Burrows and Fargion are among the most widely travelled of UK performance artists and have gained an international reputation for the intelligence, humour and musicality of their shows.
Both Sitting Duet (2002)
Sitting on chairs drawn up close to the audience, staring at music and dance "scores" at their feet, the two men draw us into a silent, unexpected and often funny conversation for two pairs of arms.
"Working mute, without instruments and almost without technique, the men become immersed in what are basically a series of brisk hand-jives. They barely rise out of their chairs as they perform. But the point of the duet is that they are able to magic their restricted vocabulary into sophisticated dance and music, twisting simple gestures into a variety of shapes and rhythms so that they mesmerise and dazzle."
"Sometimes imitative, sometimes in counterpoint, they weave a complex, witty, rhythmic tapestry, two strange characters entirely lost in obsessive movement."
The judges of the New York Dance and Performance Bessies awarded the 2003 prize, "For an extraordinary symphony of upper body gestures performed in extrasensory collaboration in an ordinary setting made tense by the silent musical score, for an intimate production by an unlikely pair of average middle-aged white guys in chairs."
Supported by the Arts Council England, the Jonathan Burrows Group, NOTT Dance Festival, Kaaitheater, P.A.R.T.S./Rosas and the Laban Dance Centre London.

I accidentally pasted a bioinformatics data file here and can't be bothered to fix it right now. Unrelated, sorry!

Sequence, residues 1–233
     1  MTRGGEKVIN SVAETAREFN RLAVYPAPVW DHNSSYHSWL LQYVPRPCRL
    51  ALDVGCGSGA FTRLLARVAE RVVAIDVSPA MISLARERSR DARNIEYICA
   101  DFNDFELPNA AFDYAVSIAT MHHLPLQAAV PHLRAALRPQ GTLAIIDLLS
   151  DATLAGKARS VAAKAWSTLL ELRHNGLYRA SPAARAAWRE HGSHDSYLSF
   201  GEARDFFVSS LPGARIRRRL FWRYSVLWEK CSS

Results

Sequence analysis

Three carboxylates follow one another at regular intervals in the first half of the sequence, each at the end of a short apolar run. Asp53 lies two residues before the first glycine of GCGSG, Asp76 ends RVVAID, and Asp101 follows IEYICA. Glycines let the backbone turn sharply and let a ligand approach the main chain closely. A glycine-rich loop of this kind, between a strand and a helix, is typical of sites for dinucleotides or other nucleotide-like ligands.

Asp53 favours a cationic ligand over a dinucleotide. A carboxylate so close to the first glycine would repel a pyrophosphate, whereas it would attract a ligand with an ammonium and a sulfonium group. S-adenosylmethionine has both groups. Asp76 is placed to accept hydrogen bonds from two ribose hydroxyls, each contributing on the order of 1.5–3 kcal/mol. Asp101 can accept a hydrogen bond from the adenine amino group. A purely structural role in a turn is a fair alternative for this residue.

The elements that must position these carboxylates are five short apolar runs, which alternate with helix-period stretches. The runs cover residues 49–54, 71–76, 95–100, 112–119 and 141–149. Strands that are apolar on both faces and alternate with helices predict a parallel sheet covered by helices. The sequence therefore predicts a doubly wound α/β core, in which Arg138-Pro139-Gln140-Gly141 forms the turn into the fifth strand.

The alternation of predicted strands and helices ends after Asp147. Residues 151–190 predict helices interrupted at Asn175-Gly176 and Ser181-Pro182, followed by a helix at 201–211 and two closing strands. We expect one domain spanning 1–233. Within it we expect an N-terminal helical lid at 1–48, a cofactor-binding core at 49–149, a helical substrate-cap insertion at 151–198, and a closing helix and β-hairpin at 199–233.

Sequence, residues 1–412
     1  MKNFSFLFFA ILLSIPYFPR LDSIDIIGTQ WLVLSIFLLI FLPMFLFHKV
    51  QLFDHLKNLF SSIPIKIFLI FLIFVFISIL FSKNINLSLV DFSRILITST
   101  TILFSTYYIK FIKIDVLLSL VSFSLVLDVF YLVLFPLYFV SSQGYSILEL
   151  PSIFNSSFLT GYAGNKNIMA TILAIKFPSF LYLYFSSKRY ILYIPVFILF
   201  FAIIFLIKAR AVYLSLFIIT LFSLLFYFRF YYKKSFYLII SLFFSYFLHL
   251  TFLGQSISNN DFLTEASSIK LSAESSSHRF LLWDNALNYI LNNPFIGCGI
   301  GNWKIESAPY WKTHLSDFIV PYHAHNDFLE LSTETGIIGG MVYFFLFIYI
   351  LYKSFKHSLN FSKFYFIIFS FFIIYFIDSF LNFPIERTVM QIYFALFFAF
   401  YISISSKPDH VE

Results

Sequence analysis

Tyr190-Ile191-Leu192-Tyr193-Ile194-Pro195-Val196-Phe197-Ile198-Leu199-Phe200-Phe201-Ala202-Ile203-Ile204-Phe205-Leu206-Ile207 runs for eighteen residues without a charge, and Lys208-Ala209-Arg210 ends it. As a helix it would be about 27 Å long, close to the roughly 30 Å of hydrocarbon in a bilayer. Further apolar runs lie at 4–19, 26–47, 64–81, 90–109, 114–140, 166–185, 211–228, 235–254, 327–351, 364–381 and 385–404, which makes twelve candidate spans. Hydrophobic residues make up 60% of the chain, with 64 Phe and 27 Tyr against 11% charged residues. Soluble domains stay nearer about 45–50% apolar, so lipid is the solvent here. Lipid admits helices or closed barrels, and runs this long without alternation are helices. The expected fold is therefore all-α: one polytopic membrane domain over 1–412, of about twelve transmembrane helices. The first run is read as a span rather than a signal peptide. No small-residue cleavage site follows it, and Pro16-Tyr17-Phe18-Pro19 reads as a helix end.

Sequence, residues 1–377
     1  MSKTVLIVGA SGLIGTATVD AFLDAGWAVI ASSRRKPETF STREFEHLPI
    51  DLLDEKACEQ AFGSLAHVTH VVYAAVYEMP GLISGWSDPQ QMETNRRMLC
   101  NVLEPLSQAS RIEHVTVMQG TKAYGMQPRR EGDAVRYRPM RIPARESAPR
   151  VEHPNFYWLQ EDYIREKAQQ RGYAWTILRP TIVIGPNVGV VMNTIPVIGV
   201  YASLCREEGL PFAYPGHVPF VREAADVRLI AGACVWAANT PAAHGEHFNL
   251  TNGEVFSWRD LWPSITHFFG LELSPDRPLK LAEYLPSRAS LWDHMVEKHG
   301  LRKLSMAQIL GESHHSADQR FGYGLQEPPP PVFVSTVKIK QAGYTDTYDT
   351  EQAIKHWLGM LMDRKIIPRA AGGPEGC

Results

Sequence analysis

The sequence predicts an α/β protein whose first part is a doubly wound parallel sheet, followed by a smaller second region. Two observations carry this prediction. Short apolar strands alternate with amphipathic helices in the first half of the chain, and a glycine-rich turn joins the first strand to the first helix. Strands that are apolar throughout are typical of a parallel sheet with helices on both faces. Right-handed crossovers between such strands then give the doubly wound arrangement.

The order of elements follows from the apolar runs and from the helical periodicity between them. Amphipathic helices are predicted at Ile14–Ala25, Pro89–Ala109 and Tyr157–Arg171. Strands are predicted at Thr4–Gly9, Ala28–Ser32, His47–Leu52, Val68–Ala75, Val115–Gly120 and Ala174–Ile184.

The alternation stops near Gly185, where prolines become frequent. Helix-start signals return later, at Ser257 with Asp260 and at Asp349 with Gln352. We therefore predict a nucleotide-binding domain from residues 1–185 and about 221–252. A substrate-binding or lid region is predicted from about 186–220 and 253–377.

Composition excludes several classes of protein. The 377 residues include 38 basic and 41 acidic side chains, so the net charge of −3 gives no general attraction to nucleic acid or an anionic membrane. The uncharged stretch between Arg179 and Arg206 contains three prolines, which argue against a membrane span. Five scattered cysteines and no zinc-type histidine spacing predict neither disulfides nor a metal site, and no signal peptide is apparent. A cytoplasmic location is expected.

The Quiet Dance (2005)
At the heart of this work is a love of rhythmic form and the quiet intensity of communication this allows them to share with each other and with the audience.
"The duo rob themselves not only of conventional music, but also of grace. It begins with the deadpan Fargion bellowing "Ahhhhhhhhhh!" as Burrows stomps across the stage, sinking lower with each step. Then the roles switch, the stomp turns into an angular stagger, and so on. Like all good comedy, it's impeccably timed – and, of course, it's not really that "quiet" at all."
"During one section, they riff on the verbal shorthand of different dance genres (ballroom, ballet and disco), and we can almost see them partnering each other on a real-life dance floor."
Co-produced by Dance 4, Nottingham, Dance Umbrella London, Joint Adventures, Munich, Kaaitheater, Brussels and supported by Arts Council England and the Jonathan Burrows Group.
Speaking Dance (2006)
Burrows' and Fargion's final part of the trilogy of performances. The last piece continues their exploration into how the relationship between music and dance is perceived, and the fragile but permeable boundaries between the two.
"As the title suggests, words are the thing here, but not in any conventional sense. There is, at last, music of many kinds, but, rather than move to it, Burrows and Fargion often read out dance notation ("Cross! Two, three, four…") or the actual names of the notes ("A! B flat! D!") in time to it." The Telegraph